50 Years of R&AW - Is India's Foreign Spy Agency Dreaded or Dreadful?

Last Updated: Fri, Sep 21, 2018 09:21 hrs
R&AW

In an article hatefully titled How RAW extends India’s evil agenda?, S Qamar Afzal Rizvi credited as an ‘an independent ‘IR’ researcher based in Karachi’ writes this about India’s foreign spy agency Research and Analysis Wing, (R&AW): “To create a powerful tool within the organisation which could undertake covert operations in neighbouring countries, RAW became a blue eyed policy narrative of all the past governments in India. It has been in this background that RAW became an international actor by assuring its proxy role in collaboration with CIA, MI-6, BND, and the Mossad via Christo-Judo-Hindu alliance against Muslims.”

Your friends will always praise you but if you want a true indication of your successes, you must listen to the curses your enemies hurl at you. If you go by what analysts in Pakistan, like the one above, write about R&AW, you would think of the organisation in the same way cinema lovers think of USA’s CIA – omnipresent, omnipotent and omniscient.

But consider what one of our own writer Aakar Patel has to say: “Unlike the ISI, many know little about RAW, which is secretive and low-profile. For this reason, it is also assumed to be competent, or at least effective… To Indians I will say this: There are other things to be justifiably proud of as an Indian. Having a brutally effective spy agency should not be among them.”

He is not the only one. Intelligence analysts, journalists and even former spies have written disparagingly of R&AW and its capabilities.

What is the truth then? Is R&AW dreaded or dreadful, effective or affectlessly irrelevant, a proactive shaper of India’s history and foreign policy or a bumbling reactionary force? As R&AW turns 50 today, it is worth investigating its past in search of an answer.

Like everything else about it, R&AW’s origin is shrouded in mystery. When articles first began appearing in 1972 about R&AW, readers found it hard to believe that India had an agency in the footsteps of the infamous CIA. And would you blame them. Research and Analysis Wing sounds like the research division of some corporate and not the name of a secret service. Indeed, one of its first spies, K Sankaran Nair, in his memoir states that this was deliberately so.

The name has to do with the agency beginning as an organ of Intelligence Bureau (IB). It is commonly believed that its creation was necessitated by India’s intelligence failure in 1962 war with China and again the 1965 war with Pakistan where India barely survived. However, like everything to do with R&AW, this version has been contested by many analysts and spies.

However, it would take the will of a ‘goongi gudiya’, Indira Gandhi, to bring the agency to life from a blueprint prepared by a man who would, on 21st September 1968, become R&AW’s first head - the tall, deceptively soft-spoken, Rameshwar Nath Kao (whose 100th birthday the nation conveniently forgot in May this year). Barely two and half years after its formation (which the IB begrudged and refused to part with what they needed), they would do something unprecedented in world history and whose details perhaps we will never really learn.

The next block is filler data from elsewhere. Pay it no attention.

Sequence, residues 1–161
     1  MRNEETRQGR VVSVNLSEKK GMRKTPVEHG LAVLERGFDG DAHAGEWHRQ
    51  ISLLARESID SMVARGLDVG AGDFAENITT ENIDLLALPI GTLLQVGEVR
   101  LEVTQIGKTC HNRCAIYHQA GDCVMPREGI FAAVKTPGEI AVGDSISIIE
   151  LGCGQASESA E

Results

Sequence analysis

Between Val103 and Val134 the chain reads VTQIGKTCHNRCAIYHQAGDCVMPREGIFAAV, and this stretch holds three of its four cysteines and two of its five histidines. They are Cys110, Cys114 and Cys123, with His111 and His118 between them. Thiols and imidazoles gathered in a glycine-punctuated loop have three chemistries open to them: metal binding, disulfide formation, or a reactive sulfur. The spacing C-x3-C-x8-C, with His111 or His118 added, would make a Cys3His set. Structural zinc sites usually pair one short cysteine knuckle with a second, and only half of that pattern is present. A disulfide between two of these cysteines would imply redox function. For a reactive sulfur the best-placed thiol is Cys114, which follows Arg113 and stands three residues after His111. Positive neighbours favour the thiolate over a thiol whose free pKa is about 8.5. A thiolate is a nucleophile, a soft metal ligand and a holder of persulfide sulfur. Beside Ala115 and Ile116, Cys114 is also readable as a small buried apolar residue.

On the second anniversary of his ascent to power i.e. March 25, 1971, Yahya Khan unleashed a brutal crackdown on the population of East Pakistan, a sort of genocide and ‘final solution’ never before or later witnessed in the world (who could dare target 75 million people and kill up to 3 million of them). Launching the military immediately wasn’t possible for India not just because we were unprepared for warfare in swampy, wet condition that characterised East Pakistan, but also because the Pakistani’s were well supplied with the latest armament from the USA and had political backing from most of the powerful nations of the world.

It was then that R&AW rose to the occasion. First, it coordinated the training of the many rebel groups – Mukti Bahini being the most famous one trained by BSF and Indian Army, while the others like Kader Bahini and Mujib Bahini were trained by R&AW’s own military wing the Special Frontier Force (SFF) comprising Tibetan refugees which remains a well-trained and secretive commando force to this day. While the Mukti Bahini with nearly 100,000 recruits, would have numbers on their side, the most spectacular successes would be seen by the other groups (Kader Bahini is credited with killing 3000 Pakistani soldiers) who’d become the nemesis for the Pakistani army, forcing them to retreat into their barracks thus perhaps saving thousands of Bengali lives, especially minorities like Hindus and Christians who became the main target of the Pakistani army as the months progressed.

Thus, when the Indian army rolled in post December 3, it managed a blitzkrieg attack that would baffle the world for the Pakistani army, living under a government run by the military, was one of the most well trained, maintained and equipped forces in the world.

Yet R&AWs most crucial role in Bangladesh was the intelligence network it had cultivated in both the wings of Pakistan and which it used to the hilt between April and December 1971. Sun Tzu, recognising the importance of espionage in 700 BC had written in The Art of War: “Now the reason the enlightened prince and the wise general conquer the enemy whenever they move and their achievements surpass those of ordinary men, is foreknowledge.” R&AW provided foreknowledge and ensured that the Indian Army stomped through to victory in barely 14 days and led to the surrender of 93,000 Pakistani soldiers who had been responsible for the genocide of up to 3 million East Pakistanis in the preceding 9 months.

R&AW was able to provide the intel leading to key interventions in the war that turned the tides in India’s favour. Though most of it remains shrouded in mystery (perhaps when Kao’s memoirs are declassified by R&AW we’ll come to know a bit about it). But rumours have abound and provide some insight into the same.